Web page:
Overwhelmingly the majority of it actually was on C-SPAN, because it was taking place in congressional hearings in which you guys were participating.

The President suggested the Congressman look to the record.

I kicked it off, by the way, with a meeting with many of you, including your key leadership.

The President was sure and confident. Republicans had not expected this.

A new member of Congress challenged the President, accusing him of tolerating wasteful congressional earmarks that would benefit only special interests within key congressional districts. The President smiled at the question.

Some in the audience had to have squirmed as he addressed earmarks specifically designed by Republicans to benefit Republicans. The President acknowledged that some earmarks might have been defensible, but that they all shared an important defect:

They haven’t gone through the regular appropriations process in the full light of day. So one place to start is to make sure that they are at least transparent, that everybody knows what’s there before we move forward.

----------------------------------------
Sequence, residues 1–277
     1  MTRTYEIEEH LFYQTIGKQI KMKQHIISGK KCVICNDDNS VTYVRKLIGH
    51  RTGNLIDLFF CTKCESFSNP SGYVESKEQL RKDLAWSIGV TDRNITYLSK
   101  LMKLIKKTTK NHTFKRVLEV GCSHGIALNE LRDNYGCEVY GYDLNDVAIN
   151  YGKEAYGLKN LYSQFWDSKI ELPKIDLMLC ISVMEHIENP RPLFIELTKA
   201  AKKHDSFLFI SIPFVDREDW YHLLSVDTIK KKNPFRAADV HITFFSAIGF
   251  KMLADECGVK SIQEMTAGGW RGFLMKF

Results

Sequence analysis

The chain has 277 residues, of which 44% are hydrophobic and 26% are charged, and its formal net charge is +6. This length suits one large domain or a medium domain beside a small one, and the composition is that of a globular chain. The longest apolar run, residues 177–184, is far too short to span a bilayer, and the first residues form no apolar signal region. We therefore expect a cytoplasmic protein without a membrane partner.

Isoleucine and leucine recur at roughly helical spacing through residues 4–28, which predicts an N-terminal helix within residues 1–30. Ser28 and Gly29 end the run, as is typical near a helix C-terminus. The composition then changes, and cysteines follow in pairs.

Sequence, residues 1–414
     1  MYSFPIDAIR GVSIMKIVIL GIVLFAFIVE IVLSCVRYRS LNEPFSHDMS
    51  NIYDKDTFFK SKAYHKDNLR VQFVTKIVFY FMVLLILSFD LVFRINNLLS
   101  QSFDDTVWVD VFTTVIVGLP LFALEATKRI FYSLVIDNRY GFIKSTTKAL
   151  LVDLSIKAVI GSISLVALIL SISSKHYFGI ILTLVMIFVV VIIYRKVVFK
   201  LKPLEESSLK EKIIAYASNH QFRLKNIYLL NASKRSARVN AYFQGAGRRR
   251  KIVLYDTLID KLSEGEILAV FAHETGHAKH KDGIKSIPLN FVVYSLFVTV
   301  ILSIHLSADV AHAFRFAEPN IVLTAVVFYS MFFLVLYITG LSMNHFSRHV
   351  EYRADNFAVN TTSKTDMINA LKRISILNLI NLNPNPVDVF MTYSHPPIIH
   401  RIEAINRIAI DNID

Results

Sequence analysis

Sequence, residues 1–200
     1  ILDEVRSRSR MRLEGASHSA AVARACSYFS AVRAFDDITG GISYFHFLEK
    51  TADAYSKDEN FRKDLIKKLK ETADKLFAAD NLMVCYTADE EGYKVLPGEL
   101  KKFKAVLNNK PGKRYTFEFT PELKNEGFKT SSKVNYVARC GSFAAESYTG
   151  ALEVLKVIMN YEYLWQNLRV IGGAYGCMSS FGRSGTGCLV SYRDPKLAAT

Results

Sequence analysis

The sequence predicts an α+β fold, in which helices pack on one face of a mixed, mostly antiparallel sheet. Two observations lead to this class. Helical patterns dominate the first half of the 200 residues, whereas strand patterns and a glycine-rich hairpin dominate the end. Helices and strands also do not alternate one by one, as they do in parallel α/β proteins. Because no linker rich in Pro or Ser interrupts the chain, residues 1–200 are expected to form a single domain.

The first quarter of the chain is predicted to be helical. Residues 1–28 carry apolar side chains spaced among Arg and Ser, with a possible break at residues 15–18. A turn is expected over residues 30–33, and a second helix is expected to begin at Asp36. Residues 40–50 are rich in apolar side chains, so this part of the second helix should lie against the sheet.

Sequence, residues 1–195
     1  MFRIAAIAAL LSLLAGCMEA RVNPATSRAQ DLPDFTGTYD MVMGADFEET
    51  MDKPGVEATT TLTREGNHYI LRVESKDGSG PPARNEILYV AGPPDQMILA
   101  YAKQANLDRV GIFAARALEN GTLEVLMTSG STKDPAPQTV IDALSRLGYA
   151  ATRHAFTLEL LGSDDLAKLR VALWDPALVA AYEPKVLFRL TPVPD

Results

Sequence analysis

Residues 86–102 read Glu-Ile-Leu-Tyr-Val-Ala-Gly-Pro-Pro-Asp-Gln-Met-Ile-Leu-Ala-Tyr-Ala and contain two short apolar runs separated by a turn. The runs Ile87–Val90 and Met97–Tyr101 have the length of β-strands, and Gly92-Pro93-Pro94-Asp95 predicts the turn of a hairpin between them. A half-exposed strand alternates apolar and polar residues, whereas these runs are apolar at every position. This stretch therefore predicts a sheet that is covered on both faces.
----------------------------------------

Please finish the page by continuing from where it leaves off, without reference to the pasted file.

Then President Obama issued his own challenge to the new member.

The challenge I guess I would have for you as a freshman, is what are you doing inside your caucus to make sure that I’m not the only guy who’s responsible for this stuff, so that we’re working together?

A questioner demanded to know when the President would ever begin to listen to Republican ideas on conservative goals.

When will we look forward to starting anew and sitting down with you to put all of these ideas on the table, to look at these lessons learned, to benefit from that experience, and to produce a product that is going to reduce government interference, reduce cost, and be fair to the American taxpayer?

The President waited for the applause to settle, then corrected the premise.

Actually, I’ve gotten many of your ideas. I’ve taken a look at them, even before I was handed this. Some of the ideas we have embraced in our package. Some of them are embraced with caveats. So let me give you an example.

He then mentioned several specific Republican proposals, detailing a brief analysis of the strengths and weaknesses of each. It became clear to the audience that he had prepared. This was not going as they had planned.

The challenges went on. Questions ranged from softball to aggressive and harsh.

Jeb Hensarling, of Texas, demanded to know why the President wanted to triple the national debt. President Obama calmly corrected him.

I’ll go through it with you line by line. The fact of the matter is, is that when we came into office, the deficit was 1.3 trillion dollars – 1.3 – So when you say that suddenly I’ve got a monthly deficit that’s higher than the annual deficit left by the Republicans, that’s factually just not true, and you know it’s not true.